Investigation into prison death could lead to coroner's inquest
By Glynn Brothen
Dylan Levi Judd was found unresponsive in his cell at KRCC November 10.
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December 01, 2014 - 3:15 PM
KAMLOOPS – The investigation into an inmate’s death at the Kamloops Regional Correctional Centre continues, but it is too early to tell if the investigation will warrant a coroner’s inquest.
On November 10, Dylan Levi Judd, 20, was found deceased during morning cell checks.
Barb McLintock with the B.C. Coroner’s Service says inquests are mandatory for in custody deaths with the RCMP but the same regulation does not apply for prison custody deaths. McLintock says inquests used to be mandatory for inmates, but the Coroner’s Service determined it was not an adequate use of resources as each death - including those from aging and health related issues - was investigated.
A coroner’s inquest is a court proceeding held to find facts, not fault in a person’s death. A five-person jury classifies the death and typically provides written recommendations on how to prevent a similar death from happening.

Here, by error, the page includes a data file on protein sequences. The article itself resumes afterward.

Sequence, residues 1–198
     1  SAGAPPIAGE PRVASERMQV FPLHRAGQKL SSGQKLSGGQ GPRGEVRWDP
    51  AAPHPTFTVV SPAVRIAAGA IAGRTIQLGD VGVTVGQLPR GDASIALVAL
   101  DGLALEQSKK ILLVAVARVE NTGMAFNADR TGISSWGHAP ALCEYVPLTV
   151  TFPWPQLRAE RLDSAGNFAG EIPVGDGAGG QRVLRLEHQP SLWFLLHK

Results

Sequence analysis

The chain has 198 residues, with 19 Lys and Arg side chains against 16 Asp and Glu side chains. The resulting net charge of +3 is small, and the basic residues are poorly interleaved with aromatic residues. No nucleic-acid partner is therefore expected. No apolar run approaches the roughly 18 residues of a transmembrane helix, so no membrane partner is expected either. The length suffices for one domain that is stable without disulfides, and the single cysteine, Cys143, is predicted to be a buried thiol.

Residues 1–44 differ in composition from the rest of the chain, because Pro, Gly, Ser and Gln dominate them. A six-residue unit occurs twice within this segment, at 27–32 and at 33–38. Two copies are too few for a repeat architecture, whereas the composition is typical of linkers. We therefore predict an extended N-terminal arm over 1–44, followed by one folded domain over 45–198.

The decision to hold an inquest is made if issues are raised during the investigation.
“The decision (for an inquest) is left to the chief coroner,” McLintock says.
McLintock says she can’t place a date if and when there will be an inquest on Judd’s death.
He was held in custody pending an upcoming court date for charges in Sicamous relating to possession of property obtained by crime and being unlawfully in a dwelling. Judd was eight days away from sentencing.
To contact the reporter for this story, email Glynn Brothen at firstname.lastname@example.org or call 250-319-7494. To contact the editor, email email@example.com or call 250-718-2724.
News from © InfoTel News Ltd, 2014